A Study of a Water-moon Guanyin statue at the Metropolitan Museum of Art
Guanyin, is the Chinese name for Avalokitesvara, the Buddhist deity of compassion, who was created by the end of the sixth century as independent figures because Guanyin became a deity to lead souls to afterlife, to give prosperity, and more importantly to give childbearing. A set of Guanyins known as the Thirty-three Guanyins were represented widely cross China along with the popularity of the imagery. The water-moon Guanyin, Bodhisattva Avalokitesvara in the “water-moon” form, is best known as one of the Thirty-three Guanyins favored by Chan and literati painters since the Song Dynasty (Yu 2001: 233). Examples in painting as well as sculptures are discovered from China, Korea, and Japan over centuries. This article is going to explore a statue of water-moon Guanyin of early Ming by examining its artistic characteristics, patronage, as well as the cult of water-moon Guanyin in late imperial China.
In 1971 Cornelius Chang published a dissertation on paintings of the water-moon Guanyin. He examined the cult of Guanyin by studying indigenous scriptures and miracle tales and specifically analyzing the iconography of the water-moon Guanyin through four earliest paintings at Dun Huang that had been discovered by Stein from 1906 to 1908. By approaching the issue of artistic domestication, Chang claimed that the simplicity of the expression of Guanyin had an appeal for the followers of the Chan sect of Buddhism in Asia, so an evolution in style happened.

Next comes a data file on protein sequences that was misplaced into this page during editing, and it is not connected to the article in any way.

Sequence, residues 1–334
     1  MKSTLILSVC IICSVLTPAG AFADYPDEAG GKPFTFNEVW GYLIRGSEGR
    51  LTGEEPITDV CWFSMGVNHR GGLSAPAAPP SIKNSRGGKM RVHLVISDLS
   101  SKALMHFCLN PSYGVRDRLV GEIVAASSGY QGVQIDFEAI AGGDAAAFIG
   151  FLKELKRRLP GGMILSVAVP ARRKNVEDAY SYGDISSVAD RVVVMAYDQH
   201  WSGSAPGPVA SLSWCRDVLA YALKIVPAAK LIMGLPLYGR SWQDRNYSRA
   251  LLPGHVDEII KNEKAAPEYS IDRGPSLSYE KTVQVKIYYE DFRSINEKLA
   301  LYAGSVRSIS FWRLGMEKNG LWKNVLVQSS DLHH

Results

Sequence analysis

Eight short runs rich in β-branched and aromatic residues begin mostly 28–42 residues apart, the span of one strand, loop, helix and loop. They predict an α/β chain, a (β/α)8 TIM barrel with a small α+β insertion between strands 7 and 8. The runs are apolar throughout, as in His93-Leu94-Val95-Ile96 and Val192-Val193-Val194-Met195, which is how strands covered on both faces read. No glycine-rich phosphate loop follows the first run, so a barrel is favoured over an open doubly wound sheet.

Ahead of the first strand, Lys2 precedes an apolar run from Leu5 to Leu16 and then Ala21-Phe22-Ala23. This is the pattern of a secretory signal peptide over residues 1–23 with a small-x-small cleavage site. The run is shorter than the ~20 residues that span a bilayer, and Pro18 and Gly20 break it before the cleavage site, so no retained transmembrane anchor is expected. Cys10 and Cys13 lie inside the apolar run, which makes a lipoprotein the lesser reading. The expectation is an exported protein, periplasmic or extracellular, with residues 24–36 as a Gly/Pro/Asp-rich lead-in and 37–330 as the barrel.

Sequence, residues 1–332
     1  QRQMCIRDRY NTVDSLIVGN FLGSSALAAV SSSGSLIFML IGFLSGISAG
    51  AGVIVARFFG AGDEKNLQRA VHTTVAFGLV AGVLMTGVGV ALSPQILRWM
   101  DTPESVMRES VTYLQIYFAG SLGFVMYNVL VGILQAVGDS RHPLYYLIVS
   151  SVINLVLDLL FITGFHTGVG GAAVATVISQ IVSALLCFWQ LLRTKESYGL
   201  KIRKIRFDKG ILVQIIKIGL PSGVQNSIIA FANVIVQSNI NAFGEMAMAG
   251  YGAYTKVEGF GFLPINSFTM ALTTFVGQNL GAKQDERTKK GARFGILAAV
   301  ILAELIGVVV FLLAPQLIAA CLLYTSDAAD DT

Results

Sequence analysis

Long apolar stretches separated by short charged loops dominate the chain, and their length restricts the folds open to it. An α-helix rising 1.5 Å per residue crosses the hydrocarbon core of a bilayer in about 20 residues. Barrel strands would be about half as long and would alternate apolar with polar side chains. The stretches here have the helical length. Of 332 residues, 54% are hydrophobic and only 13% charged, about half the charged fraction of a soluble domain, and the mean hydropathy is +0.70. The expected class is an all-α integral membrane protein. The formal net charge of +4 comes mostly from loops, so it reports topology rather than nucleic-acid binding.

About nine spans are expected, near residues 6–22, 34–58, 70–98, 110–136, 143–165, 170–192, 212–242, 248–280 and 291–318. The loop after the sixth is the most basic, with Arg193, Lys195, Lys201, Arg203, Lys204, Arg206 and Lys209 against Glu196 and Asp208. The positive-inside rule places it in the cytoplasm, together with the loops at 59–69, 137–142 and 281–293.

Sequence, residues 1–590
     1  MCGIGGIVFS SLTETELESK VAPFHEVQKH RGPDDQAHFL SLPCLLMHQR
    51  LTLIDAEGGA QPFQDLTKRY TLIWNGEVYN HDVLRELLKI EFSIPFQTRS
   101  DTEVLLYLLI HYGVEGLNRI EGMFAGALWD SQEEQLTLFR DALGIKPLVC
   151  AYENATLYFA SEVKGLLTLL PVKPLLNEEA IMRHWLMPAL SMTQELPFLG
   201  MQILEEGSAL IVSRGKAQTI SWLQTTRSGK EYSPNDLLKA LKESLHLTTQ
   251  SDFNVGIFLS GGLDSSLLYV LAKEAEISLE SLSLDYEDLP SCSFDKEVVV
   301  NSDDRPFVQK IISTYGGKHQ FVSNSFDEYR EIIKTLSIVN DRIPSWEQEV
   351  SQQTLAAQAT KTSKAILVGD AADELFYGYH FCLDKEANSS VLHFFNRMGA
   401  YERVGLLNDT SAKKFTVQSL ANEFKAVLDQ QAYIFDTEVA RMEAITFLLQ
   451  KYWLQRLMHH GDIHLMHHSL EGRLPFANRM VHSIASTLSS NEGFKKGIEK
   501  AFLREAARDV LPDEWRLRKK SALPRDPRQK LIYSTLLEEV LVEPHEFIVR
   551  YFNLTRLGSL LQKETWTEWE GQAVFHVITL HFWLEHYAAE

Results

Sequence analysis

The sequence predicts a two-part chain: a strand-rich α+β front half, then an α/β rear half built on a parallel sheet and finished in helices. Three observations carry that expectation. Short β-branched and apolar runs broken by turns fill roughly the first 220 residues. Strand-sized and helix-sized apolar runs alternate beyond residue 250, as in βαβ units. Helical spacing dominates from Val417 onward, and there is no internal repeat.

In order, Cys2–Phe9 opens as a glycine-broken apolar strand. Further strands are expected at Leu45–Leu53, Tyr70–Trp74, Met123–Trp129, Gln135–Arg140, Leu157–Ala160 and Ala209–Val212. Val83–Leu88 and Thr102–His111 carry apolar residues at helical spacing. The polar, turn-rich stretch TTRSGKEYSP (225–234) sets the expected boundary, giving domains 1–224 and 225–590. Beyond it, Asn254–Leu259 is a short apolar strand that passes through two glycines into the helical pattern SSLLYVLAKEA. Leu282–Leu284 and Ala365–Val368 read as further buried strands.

Other exciting writings of Chinese Guanyin mainly explore the translation of Avalokitesvara from Indian and Central Asia to China as a compassionate deity, the popularity of Guanyin among all levels of society, the deity’s various manifestations, and the everyday worship of Bodhisattvas in China. However, a critical analysis of the water-moon Guanyin in late imperial china lacks. As a period when multiple religions flourished, a study of a popular deity is necessary.
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